QUANTITATIVE RESEARCH METHODS WORKSHOP - CANCELLED
Abstract: Analytics is now a widely adopted practice of analyzing data to understand and improve some process or outcome. The immense growth of analytics as a field has seemingly been in the breadth of applications, with more practitioners covering more varied domains, and using a variety of tools and techniques. In this talk, I draw on a decade of experience as an industry data practitioner to outline and structure the range of analytics tasks and their contributions.
Adopting a task-focused approach, I cluster activities based on the problems that need to be addressed and the methods that offer practical and effective solutions. I frame these tasks as causal-inference problems, where analysts work to generate decision-relevant knowledge about specific causal relationships. Analytics tasks tend to vary in the nature of the hypothesis space, the observability of the underlying process, its signal-to-noise ratio, and the ease of effective interventions.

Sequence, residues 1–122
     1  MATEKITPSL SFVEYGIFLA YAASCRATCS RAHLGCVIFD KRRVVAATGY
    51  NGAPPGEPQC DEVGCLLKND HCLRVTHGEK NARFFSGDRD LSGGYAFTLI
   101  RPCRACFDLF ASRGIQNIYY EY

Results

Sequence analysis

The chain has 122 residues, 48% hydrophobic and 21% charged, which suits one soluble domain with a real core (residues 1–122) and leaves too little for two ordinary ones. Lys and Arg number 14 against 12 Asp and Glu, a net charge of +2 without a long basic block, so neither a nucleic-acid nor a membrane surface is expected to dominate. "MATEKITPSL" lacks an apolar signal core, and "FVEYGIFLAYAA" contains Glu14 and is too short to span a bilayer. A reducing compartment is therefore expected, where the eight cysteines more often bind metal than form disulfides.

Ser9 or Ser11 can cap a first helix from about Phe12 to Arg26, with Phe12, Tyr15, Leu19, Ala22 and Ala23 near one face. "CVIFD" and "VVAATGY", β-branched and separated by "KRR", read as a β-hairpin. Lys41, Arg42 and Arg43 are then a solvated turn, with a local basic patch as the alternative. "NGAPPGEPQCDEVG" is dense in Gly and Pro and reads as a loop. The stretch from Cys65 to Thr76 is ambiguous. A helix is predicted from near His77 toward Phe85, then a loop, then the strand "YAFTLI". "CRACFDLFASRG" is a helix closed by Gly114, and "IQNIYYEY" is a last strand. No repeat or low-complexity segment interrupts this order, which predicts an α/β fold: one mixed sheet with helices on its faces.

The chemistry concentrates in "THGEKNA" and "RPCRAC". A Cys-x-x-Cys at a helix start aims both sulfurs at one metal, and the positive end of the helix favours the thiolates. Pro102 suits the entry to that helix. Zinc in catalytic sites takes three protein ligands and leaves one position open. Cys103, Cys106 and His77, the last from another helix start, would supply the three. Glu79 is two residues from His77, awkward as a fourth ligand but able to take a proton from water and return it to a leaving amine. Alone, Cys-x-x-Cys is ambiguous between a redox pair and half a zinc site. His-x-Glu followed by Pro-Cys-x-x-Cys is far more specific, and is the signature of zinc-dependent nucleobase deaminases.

Interestingly, some analytics tasks are well-served by widely used statistical methods, while others have less standardized practices and more ambiguity for practitioners. I conclude by focusing on the less developed space, offering ideas for improvements in these areas to better support analytics professionals.
Sean J. Taylor is co-founder and chief scientist at Motif Analytics. Previously he was a data scientist and head of Lyft’s Rideshare Labs and spent seven years as a research scientist on Facebook’s Core Data Science team. Sean’s work is at the intersection of experimentation and causal inference, with a focus on applied problems and generating business value using the latest methods. He earned his PhD in Information Systems from NYU’s Stern School of Business as well as a BS in Economics from Wharton School.
This workshop is open to the Yale community. To receive announcements and invitations to attend, please subscribe at https://csap.yale.edu/quantitative-research-methods-workshop.
The Quantitative Research Methods Workshop is sponsored by the ISPS Center for the Study of American Politics and The Whitney and Betty MacMillan Center for International and Area Studies at Yale with support from the Edward J. and Dorothy Clarke Kempf Fund.